p

-

_

can produce printed output, SO wouldn't/tbe niceiftheycou/d accept visual, printedand even

visual and

spoken input?

l would llke to develOP software to allowmy8OOXL to "see", "?ea"? Speak and lead and hape that you can provide the name of a company which and audio

dig/risers, voice synthesisers and optical character readers, compatible with theAtariZ—N. Buz—

zard0 The sort of items you ask about are available for many machines, but software is up to you, l'm afraid. You also will be talking of thousands of pounds worth of equipment.

Service, Our phone number is

027-430 3757, The board runs 24 hours a day, closed only on a Thursday. reapening again on Friday

7800

hours. Mick Coleman. sysop. Birming— at

ham. _

_

nghtwelght handbOOk lBOUGHTanAtar/BOOXL and a 7050 disc drive in the hope

of writing programs that would be able to use data stored on disc by another program which accepted INPUT data, made certain checks on it and then write the

If

W/SH to write a small auto-run program that will load a Basic program which will be a menu to load more Basic programs. / hope to be able to boot straight in to my Atari 800. I have a 7050 disc drive. A.J.

.

Lowe, Leigh on Sea. O The

COMPUTERS

to connect

User, get [t

provuled

Inputs

The best way

game '” the September

/

Mailbag Editor Atari User Europa House 68 Chester Road Hazel Grove Stockport SK7 5NY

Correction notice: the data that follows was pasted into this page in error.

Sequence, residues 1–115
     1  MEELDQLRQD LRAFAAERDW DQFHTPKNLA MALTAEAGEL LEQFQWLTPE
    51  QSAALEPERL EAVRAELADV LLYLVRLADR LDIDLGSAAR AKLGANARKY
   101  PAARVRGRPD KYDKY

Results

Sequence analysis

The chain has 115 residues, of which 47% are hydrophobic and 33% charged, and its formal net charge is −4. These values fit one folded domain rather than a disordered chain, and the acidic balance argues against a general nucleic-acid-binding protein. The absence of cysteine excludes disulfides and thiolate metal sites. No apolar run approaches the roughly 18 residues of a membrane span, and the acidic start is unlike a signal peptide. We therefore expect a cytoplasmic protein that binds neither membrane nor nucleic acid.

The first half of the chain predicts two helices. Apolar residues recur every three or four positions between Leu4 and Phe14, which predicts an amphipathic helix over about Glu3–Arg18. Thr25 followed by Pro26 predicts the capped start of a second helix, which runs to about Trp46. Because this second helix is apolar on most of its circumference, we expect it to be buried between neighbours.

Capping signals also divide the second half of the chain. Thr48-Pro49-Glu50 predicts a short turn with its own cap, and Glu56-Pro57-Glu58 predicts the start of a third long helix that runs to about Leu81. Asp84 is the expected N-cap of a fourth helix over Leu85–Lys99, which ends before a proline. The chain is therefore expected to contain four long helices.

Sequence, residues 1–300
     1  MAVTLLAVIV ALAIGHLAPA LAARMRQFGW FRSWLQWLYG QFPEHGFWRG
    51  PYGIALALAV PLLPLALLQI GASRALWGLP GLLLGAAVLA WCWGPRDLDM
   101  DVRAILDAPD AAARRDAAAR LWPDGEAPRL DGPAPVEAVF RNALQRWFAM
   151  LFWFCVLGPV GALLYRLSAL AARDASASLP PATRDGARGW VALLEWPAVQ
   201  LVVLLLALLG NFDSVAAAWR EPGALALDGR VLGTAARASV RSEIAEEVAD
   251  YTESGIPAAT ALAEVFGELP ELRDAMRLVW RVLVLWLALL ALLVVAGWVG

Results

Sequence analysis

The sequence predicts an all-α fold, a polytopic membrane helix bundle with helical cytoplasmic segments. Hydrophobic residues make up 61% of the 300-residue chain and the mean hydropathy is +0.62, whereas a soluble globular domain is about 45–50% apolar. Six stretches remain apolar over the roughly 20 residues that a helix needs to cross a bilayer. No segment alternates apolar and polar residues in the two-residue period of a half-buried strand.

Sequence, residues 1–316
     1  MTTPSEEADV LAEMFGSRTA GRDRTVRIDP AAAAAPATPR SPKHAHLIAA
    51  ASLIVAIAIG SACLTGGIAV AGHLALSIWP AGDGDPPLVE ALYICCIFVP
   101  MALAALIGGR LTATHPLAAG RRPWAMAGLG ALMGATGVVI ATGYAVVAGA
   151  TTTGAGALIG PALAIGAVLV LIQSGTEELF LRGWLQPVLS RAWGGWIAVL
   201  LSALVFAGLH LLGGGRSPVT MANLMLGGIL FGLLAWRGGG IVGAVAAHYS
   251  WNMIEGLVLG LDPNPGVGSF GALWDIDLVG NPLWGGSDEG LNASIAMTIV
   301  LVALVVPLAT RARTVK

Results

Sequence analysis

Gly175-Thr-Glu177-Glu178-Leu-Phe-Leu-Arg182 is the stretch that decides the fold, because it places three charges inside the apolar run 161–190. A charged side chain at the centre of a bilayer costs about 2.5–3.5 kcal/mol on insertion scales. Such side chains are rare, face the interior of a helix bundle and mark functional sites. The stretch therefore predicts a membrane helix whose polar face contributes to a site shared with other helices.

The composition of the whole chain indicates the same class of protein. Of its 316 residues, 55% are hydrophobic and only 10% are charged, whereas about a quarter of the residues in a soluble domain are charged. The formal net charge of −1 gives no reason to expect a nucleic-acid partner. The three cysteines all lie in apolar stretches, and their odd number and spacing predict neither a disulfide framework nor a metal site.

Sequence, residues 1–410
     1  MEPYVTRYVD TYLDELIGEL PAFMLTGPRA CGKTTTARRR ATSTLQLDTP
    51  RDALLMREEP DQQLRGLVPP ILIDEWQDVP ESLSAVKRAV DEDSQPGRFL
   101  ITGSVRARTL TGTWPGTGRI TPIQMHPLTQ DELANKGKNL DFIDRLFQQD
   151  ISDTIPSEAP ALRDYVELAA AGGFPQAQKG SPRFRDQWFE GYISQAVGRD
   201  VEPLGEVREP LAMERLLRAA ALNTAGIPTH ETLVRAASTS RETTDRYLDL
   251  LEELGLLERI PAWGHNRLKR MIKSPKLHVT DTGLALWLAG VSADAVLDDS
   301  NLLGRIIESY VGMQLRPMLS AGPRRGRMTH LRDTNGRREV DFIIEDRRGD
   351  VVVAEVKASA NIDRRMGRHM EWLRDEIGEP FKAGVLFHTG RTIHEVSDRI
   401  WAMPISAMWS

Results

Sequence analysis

.

Williamson, Leighton

,

_

'

visual

nigg/e about the

P rogram

1

WE welcome letters from readers about your experiences using the Atari micros, about tips you would like to pass on to other users. and about what you would like to see in future issues. The address to write to is:

AIternatlve

makes

a

V,E

'

C

productS! ,

the maze I HA

Oheck your listing! you cant stand to check it again, the cassette offer on Page 2818

7

Many magazines and

lack

'

L OSt In

O

minutes after the ..!.. appears, and you should be racing.

the

version, which has some extra information regarding the XL range.

.

magi/neelioacflzrln’gcgcrjnjet 83;

about

forget to ask for the updated

right information Basic uses the normal mm” and pmNT commands, but you will also need to know how to use OPEN, probably with both normal and random access files. The best book for this sort of information is "Your Atari

Computer", from Osborne/ McGraw Hill. This covers ri

Basic from first m

DOS 2.5 disc has a program on it which does what you want! See the order form at the back of this magazine to send for your COPY if you 9ff havent yet got one.

Co pyin 9

programs OWN an Atari 800 and lndus disc drive. / don‘t mind buying software but what I do mind is the chance of a speck of dust sending £75 hard I

GT,

earned 232,25“ggaZLiéjsaaéii’i?zgan: complex I/O control, which is what you want. It doesn't come cheap about £17 but it’s worth every penny. lf you can't get one from your local stores try one of our mail order advertisers. Don’t —

cash down the drain.

Any respectable disc drive owner would make a back UP ofsuch programs andl WON/d lfl could, ”W theprogramsare protected. So could you POSSlblV _

. December 1985 ATARI USER

59


o

—__—_—

Mailbag

_

review

copying pro-

some

Also,

/

considering

am

n s I u

buying a printer, 80 a printer review would be useful. —

'

Parvin Bengal, Hartlepool.

s t rlng

-

m: mozfudzgaselzlspf?nzgeigf software industry. Because of the danger of misuse and impending legislation, we will not be publishing any reviews or adverts of products de-

-

for

-

ngigrgnmanly You have

,

raised

valid

a

point regarding personal back—ups of software, but until the public can be trusted not to .

,

arrays from character 10to character

40

St’i'79 arrays and I it foruse

10

D|MA$(1°°°)

23232?“ -

D aVId

wich ' 0 Atari ,

Stockton, North _

Basrc

_

have it string arrays such, but and does “long have 5_t”n95